A lot of tax changes being implemented by the new federal government will have an impact on Canadian families.
“While the former Conservative government put in a lot of credits and benefits to reduce taxes for people in communities the new government is targeting those benefits and credits and focusing taxes more on a basis of people’s needs,” says Myron Knodel, director of tax and estate planning with Investors Group.
Both the children’s art and tax credits have been eliminated for 2017. For 2016 the maximum eligible fees in the year for the fitness credit have been reduced to $500 from $1,000 in 2015 and the maximum eligible fees for the in the year for the arts credit was reduced to $250 from $500 in 2015.
Also gone in 2017 are the education and text book credits but remaining is the tuition fee credit.
The education and textbook tax credits are non-refundable credits that generally allow a student to claim an amount for each month in the year that they are enrolled in a qualifying educational program. Unused education and textbook credit amounts carried forward from years prior to 2017 will remain available to be claimed in 2017 and subsequent years.
Eliminated in 2016 was income splitting that allowed a person with a child under 18 to transfer up to $50,000 of income to their lower-income spouse or partner. Income splitting for seniors, which allows them to split eligible pension income with a spouse or common-law partner, is not affected.
Changes have been made to reporting the sale of your principal residence and claiming the principal residence exemption (PRE).
Before the changes the CRA did not require taxpayers to file forms claiming the exemption if the property was eligible for the full PRE. Now, however, all taxpayers claiming the exemption will have to file form T209 and will have to include certain information such as the address of the property, the date of acquisition, proceeds from the disposition and what years they’re claiming the PRE. This information will help the CRA keep better track of activity and potential abuses.
Some new measures also have been introduced in 2016 such as the Canada Child Benefit (CCB) which replaces the Canada child tax benefit, national child benefit supplement and the universal child care benefit. CCB is a tax-fee monthly payment to eligible families with children under 18.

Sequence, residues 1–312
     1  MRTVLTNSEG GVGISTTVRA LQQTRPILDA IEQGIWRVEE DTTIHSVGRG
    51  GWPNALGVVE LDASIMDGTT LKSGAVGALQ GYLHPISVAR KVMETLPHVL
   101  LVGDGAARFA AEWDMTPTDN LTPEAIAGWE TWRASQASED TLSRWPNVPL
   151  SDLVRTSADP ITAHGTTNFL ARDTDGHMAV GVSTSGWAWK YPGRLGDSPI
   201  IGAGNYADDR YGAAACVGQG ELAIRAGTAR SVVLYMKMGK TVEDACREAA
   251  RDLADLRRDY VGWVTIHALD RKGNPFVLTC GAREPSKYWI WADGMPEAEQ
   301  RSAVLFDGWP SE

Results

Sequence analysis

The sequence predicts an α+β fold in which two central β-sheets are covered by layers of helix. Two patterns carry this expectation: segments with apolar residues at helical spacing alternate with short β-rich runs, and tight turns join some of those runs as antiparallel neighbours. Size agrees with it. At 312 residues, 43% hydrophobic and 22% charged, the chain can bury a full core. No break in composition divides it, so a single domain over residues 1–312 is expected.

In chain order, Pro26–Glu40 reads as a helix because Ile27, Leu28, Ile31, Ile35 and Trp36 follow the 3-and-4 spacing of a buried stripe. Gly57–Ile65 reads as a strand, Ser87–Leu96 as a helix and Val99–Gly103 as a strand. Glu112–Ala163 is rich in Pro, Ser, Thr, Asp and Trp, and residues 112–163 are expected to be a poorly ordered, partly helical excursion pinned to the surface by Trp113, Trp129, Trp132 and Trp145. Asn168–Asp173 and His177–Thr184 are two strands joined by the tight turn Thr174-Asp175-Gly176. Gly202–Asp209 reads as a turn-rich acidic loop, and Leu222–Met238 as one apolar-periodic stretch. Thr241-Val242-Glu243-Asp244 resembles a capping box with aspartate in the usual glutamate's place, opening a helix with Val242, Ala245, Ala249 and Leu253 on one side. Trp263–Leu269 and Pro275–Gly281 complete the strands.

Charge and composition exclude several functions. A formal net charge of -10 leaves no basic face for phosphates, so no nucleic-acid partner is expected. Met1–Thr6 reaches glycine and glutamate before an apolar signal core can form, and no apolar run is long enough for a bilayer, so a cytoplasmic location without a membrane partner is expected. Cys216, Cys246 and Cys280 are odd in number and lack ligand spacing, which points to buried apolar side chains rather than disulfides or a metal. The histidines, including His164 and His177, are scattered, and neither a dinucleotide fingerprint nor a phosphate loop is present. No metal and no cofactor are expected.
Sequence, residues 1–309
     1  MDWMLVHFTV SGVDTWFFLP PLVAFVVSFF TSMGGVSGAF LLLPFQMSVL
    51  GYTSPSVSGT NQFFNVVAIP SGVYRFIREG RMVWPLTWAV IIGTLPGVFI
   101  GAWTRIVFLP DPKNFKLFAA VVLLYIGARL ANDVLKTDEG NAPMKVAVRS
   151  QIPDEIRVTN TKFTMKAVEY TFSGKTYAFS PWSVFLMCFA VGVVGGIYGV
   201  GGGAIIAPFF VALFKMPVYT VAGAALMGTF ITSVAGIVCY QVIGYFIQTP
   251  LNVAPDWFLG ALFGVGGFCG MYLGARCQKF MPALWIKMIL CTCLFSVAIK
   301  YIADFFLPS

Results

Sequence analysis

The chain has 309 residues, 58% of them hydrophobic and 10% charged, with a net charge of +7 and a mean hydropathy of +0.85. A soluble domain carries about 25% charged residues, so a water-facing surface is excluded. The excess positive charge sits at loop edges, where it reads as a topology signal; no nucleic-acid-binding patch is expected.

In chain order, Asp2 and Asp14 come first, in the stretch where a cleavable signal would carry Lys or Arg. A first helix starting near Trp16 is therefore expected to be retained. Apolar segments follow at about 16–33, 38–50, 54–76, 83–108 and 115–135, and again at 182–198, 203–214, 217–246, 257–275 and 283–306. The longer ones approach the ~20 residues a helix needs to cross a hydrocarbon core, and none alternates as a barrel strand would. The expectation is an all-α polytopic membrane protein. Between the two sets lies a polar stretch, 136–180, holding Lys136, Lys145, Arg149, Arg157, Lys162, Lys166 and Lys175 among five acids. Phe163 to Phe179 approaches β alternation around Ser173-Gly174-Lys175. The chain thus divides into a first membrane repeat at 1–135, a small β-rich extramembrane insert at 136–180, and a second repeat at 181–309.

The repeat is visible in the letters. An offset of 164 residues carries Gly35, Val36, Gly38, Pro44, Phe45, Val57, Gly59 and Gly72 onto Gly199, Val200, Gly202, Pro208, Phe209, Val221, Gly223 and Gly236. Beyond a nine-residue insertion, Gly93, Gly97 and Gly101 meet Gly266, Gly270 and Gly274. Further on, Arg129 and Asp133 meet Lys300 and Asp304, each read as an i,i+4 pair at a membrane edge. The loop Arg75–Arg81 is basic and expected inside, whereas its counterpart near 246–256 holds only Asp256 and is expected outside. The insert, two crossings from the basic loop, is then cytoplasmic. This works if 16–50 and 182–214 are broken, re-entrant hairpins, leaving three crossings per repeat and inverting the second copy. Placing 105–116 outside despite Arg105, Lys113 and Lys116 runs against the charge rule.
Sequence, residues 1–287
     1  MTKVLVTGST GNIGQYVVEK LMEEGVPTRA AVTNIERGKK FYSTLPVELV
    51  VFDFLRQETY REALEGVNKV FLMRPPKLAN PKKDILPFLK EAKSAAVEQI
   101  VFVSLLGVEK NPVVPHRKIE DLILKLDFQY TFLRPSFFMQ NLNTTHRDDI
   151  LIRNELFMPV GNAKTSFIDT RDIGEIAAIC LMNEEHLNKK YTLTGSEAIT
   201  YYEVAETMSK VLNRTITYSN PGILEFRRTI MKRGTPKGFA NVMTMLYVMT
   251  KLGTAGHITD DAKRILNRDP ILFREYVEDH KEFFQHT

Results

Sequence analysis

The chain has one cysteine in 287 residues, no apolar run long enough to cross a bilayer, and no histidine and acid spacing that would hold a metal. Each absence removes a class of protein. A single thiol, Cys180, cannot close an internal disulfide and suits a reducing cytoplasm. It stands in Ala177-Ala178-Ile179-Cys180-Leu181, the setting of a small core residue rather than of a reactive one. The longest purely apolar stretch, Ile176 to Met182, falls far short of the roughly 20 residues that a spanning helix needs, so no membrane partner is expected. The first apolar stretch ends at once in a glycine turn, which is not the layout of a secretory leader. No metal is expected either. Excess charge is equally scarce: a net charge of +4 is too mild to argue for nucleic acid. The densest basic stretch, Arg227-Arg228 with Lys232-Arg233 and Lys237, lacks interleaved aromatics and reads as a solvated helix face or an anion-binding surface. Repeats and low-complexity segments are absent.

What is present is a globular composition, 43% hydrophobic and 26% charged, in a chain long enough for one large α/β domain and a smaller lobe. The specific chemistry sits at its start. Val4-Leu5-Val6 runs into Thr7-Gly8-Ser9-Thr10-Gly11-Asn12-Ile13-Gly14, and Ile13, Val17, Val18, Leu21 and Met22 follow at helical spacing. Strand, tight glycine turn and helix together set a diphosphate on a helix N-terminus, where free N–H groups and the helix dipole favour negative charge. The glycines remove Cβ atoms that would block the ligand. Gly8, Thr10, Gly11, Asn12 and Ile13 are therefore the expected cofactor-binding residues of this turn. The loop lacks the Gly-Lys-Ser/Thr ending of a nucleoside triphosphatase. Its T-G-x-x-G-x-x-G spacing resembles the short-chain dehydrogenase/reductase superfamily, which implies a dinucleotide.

Teachers who spend their own money on school supplies for the classroom now can claim a 15 per cent refundable tax credit for up to $1,000 in qualifying expenses a year.
Also, under the Home Accessibility Tax Credit in 2016 seniors and those who are eligible for the disability tax credit can get a credit for 15 per cent on up to $10,000 of expenses per year toward renovations that help them gain access to or increase their mobility and functioning in their homes. This would include such things as the installation of stair lifts, ramps, walk-in bathtubs and showers and grab bars.
Some changes to federal income tax rates also will impact Canadian families.
The federal tax rate on earnings between $45,282 and $90,563 will drop to 20.5 per cent from 22 per cent, putting a maximum of $679.22 more a year in the pockets of many Canadians, while the federal tax rate on earnings over $200,000 increases to 33 per cent.
“If you have an income of more than $200,000 and have a wife or spouse with a lower income and have a child under 18 you will pay more, but if your income is under $90,000 you probably will be better off,” says Knodel. “A lot of the net effect of the changes will depend on your income.”
Talbot Boggs is a Toronto-based business communications professional who has worked with national news organizations, magazines and corporations in the finance, retail, manufacturing and other industrial sectors.